embarrassed that although they managed to have him arrested, they had to let our Norwegian friend go because he hadn't actually broken any laws). Of course just as the DMCA stunts learning, creativity and freedom of expression, this new law will all but kill it off.


Posted by Joe Jansen on 17 February, 2002 - 1:14 pm
Digital Millenium Copyright Act

Makes it a federal crime to in any way attempt to circumvent a copy protection device. If there is any attempt at encryption, it is a US federal crime to try to copy the data. It is also illegal to tell someone how to do it. It is also illegal to have a link on a website that goes to a page that gives a theoretical example of how to do it. It is also illegal to have a link to a website that contains a link to a website that gives a theoretical explanation of how to do it.

The Russian software house is a reference to the federal prosecution of a Russian individual (the name escapes me at the moment) who wrote a sample of how to open adobe e-book files without buying the activation code. He sold (I think) 8 copies 2 ( I think) of which were purchased by Adobe. He was in the States for a trade show, arrested, and held without bail. I forget what the outcome was (if it has reached an outcome).

The lack of a 'fair use' clause is the disturbing part. DMCA makes it illegal to make archival backups of your software. Also, If I purchase a CD, but my car has a cassette player, it is illegal to copy the CD onto a cassette for my personal use in my car.

DMCA makes TIVO questionable, because TIVO records television programs as part of it's operation. That recording is considered a copy.

Want to buy a pay-per-view program and tape it so you can watch it when you get home from work? Not anymore!

What is even worse, Sony and other recorder producing companies who also seem to be in the media production business, are planning to make the recorders 'compliant' by having them refuse to record shows that are tagged as 'single view only'.

DMCA and UCITA are both designed to strip away *your* rights (if you are a US citizen). Keep up with this stuff! "The price of liberty is constant vigilence." has never been more true. In our world of instant gratification, and not caring about anything that cannot be resolved in a 30 minute sit-com, we are a group of lemmings being led away.

--Joe Jansen


Posted by Jay Kirsch on 17 February, 2002 - 1:26 pm
On the case of Dmitry Sklyarov

"http://www.usdoj.gov/usao/can/press/html/2001_12_13_sklyarov. html":http://www.usdoj.gov/usao/can/press/html/2001_12_13_sklyarov.h tml


On the law in general I found a lot of opinions/analysis but little information, e.g., the text of the law. No one seems to be too sure about how to interpret it or when to enforce it. One article did quote a fair use clause in the law's text, but I don't know the context of that excerpt.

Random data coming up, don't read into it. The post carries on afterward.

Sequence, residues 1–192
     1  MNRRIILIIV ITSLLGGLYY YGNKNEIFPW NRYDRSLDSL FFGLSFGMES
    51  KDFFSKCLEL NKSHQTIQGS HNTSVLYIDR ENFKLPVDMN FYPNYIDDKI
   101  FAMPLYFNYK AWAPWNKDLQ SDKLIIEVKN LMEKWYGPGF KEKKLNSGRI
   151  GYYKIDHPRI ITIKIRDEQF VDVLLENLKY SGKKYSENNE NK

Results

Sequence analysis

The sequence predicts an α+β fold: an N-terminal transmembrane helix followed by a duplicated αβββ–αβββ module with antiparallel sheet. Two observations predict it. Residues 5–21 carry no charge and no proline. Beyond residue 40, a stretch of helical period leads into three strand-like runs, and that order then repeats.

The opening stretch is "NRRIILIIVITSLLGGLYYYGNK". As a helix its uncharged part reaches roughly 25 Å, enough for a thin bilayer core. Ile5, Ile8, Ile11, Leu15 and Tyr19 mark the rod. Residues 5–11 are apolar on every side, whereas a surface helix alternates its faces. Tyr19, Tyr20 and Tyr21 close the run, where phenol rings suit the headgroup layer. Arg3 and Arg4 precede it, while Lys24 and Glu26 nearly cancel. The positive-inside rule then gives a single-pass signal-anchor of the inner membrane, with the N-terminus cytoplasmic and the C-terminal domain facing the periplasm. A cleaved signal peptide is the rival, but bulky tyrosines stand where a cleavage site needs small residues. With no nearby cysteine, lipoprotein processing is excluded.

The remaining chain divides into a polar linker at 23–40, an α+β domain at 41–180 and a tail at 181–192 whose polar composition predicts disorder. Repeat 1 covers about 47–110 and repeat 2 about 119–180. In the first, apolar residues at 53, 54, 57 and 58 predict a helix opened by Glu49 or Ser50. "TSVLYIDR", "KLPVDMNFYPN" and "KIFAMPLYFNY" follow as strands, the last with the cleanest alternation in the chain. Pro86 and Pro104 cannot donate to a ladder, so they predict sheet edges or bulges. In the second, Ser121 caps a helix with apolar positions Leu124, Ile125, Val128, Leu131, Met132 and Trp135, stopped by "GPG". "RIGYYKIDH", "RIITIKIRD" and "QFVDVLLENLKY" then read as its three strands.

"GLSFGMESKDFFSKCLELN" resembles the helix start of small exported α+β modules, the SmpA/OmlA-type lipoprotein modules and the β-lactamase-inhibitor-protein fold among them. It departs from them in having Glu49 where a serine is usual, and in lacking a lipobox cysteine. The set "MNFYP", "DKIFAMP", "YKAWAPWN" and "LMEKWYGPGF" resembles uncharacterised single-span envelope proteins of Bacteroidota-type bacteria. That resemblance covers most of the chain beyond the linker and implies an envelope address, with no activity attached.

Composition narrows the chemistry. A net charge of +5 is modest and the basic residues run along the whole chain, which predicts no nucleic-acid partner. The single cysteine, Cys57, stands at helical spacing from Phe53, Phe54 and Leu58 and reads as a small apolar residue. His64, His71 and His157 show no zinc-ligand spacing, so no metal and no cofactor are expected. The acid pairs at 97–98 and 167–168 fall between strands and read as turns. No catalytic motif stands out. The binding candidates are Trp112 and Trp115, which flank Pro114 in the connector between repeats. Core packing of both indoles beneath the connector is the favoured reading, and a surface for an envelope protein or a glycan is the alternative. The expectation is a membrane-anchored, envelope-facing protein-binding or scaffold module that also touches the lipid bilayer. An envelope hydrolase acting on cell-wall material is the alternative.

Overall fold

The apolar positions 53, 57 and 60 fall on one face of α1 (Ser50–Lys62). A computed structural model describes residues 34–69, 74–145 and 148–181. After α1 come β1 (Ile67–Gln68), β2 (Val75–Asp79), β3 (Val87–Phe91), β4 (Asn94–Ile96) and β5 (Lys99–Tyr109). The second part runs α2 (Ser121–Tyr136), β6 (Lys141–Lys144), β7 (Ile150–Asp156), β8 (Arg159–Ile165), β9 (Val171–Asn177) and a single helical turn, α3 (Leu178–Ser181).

There's also another law in works to make it illegal NOT to encrypt copywritten electronic material. I hope that control.com posts don't fall under copywrite laws. We'd have to encrypt each of our posts and would not be allowed to unencrypt them.

eRagdr,s

Jay Kirsch


Posted by Mark Hutton on 17 February, 2002 - 1:27 pm
Ahh! But not just if you are a US citizen. The scuttle but is that the individual in question has turned states evidence and the company that employs him is being prosecuted (even though they are Russian, the software was produced in Russia and even though they have broken no Russian laws).

What is more the European Parliment is working on similar anti-freedom, anti-consumer rights laws as we speak.

Some Sony music CDs are already processed in a way that is supposed to stop them being copied. Unfortunately, it also means that they cannot be played on some CD players (I would suggest that these CD's are unfit for purpose as the advertised purpose of a CD is to be played on a CD player).


Posted by Ralph Mackiewicz on 19 February, 2002 - 2:16 pm
The individual involved did not "turn states evidence". There is nothing to turn. There is no dispute that he personally wrote the software that cracked the e-book encoding scheme. He was allowed to return home because his company signed an agreement with the US justice department to accept the legal liability.

What makes this prosecution so absurd is that the publishers now have a legal ban against anyone performing a technical critique of any half-brained copy protection scheme they cook up. After all, how can you critique a security mechanism without trying to crack it? Does this make anyone feel safer?

The guy whose wife tried to copy the fashion magazine page can be thrown in jail for putting masking tape over the encoded graphics that prevent color copiers from copying. And this is in the "Land of the Free"? The USA will be a little less free until DMCA is repealed.